• Dave Patterson (Berkeley) who taught a MOOC (Massive Open On-line Course) on programming Web services. He was honest about the limitations of MOOCs, but still convinced that this is the beginning of the end for existing higher education.  He pointed out that he also had a 90% dropout rate.  He was the first MOOC teacher I’ve heard admit to “unbounded, worldwide cheating.”  They were going to use plagiarism detection software, just to see how much cheating was going on, but they didn’t need to.  Large numbers of answers were “bit identical.”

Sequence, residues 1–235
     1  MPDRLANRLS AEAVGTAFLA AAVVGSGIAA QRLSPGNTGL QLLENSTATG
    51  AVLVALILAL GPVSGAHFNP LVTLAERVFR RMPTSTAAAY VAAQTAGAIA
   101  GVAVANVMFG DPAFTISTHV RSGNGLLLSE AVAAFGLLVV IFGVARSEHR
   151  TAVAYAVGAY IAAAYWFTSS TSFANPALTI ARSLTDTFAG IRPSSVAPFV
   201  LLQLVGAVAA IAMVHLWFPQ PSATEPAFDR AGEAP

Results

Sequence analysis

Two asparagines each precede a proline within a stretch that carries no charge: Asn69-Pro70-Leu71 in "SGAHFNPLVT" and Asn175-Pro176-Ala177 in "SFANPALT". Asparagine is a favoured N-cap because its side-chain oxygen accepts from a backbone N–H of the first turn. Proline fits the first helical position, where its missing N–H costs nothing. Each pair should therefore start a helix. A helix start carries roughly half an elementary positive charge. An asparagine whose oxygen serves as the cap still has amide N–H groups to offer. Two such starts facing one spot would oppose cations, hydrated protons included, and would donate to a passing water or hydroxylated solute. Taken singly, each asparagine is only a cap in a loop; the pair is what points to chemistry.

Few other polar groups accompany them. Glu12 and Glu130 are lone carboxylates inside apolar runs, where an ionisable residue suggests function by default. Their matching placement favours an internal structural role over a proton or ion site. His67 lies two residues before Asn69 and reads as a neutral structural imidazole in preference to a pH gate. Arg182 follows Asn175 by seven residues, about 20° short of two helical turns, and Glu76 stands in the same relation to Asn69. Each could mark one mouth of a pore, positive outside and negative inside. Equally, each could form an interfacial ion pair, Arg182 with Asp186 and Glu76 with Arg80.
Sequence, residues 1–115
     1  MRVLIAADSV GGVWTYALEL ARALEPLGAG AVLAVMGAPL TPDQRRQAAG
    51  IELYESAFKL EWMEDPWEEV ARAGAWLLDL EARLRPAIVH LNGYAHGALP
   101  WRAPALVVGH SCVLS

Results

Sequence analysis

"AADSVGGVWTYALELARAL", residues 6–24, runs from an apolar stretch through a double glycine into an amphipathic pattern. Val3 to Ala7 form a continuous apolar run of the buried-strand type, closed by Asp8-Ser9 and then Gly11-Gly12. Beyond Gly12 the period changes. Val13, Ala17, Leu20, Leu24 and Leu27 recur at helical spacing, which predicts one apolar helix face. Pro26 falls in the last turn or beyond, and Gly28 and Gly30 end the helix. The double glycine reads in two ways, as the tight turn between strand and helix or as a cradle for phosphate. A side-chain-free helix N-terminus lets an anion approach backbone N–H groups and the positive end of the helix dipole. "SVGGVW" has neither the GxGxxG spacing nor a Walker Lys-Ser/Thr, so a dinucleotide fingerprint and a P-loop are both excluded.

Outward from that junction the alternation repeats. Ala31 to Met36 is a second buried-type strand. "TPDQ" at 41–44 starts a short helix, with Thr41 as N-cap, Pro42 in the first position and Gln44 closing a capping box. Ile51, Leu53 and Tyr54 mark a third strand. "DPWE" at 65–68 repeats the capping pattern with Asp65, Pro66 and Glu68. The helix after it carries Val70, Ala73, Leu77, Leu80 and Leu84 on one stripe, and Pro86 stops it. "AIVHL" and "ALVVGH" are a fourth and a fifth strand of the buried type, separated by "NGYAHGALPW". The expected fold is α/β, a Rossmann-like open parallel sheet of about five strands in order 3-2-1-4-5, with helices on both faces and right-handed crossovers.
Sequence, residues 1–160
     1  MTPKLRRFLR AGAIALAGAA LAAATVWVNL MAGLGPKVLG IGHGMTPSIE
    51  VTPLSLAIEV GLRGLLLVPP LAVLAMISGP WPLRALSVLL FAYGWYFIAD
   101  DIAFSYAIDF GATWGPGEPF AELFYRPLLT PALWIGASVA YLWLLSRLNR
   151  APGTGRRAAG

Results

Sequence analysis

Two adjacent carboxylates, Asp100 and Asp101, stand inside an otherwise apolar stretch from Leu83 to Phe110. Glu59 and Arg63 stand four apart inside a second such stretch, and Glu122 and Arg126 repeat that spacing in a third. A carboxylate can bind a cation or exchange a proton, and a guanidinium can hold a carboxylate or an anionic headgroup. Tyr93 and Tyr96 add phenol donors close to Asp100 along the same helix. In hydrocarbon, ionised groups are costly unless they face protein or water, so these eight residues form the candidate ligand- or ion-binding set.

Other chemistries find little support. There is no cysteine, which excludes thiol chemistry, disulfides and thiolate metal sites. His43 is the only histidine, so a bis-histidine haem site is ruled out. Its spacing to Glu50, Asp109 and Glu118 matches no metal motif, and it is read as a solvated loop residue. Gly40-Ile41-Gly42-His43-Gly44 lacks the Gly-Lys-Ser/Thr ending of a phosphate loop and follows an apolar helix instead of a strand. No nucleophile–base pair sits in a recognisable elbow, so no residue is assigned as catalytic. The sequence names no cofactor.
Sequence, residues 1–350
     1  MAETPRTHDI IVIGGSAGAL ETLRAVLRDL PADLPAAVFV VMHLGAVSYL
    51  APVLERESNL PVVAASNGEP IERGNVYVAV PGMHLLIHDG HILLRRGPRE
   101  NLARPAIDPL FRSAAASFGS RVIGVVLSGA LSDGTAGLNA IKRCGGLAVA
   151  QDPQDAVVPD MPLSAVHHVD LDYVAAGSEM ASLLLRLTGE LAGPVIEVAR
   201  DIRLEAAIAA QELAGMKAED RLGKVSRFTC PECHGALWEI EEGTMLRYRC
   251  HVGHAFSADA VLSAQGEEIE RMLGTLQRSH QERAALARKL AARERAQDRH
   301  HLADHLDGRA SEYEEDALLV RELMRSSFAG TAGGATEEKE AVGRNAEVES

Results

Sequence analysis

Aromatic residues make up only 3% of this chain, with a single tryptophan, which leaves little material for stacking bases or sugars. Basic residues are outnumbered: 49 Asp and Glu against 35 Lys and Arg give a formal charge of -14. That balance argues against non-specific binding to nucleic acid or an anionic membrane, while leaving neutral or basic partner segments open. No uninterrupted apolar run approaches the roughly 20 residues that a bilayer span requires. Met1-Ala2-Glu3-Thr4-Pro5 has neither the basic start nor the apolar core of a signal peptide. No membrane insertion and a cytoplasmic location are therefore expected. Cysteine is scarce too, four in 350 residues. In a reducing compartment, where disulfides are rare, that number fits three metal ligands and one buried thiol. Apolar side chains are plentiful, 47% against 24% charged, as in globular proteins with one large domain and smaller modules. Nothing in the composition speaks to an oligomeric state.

One of the most important points for me was when Eric Roberts of Stanford pushed back against the flood of support for MOOCs, pointing out the costs of on-line education in terms of their impact on small schools, on general (especially legislators’) perception of the role of higher-education, and on what we teach (e.g., the media might encourage us to teach what we can easily do in these on-line forms, as opposed to what we think is important).  “Does ‘free’ wipe-out other things with demonstrable value?”  Dave Patterson responded saying, “It doesn’t matter.  It’s going to happen.”

I thought I heard McLuhan rolling over in his grave.  “Media choices don’t matter?!?”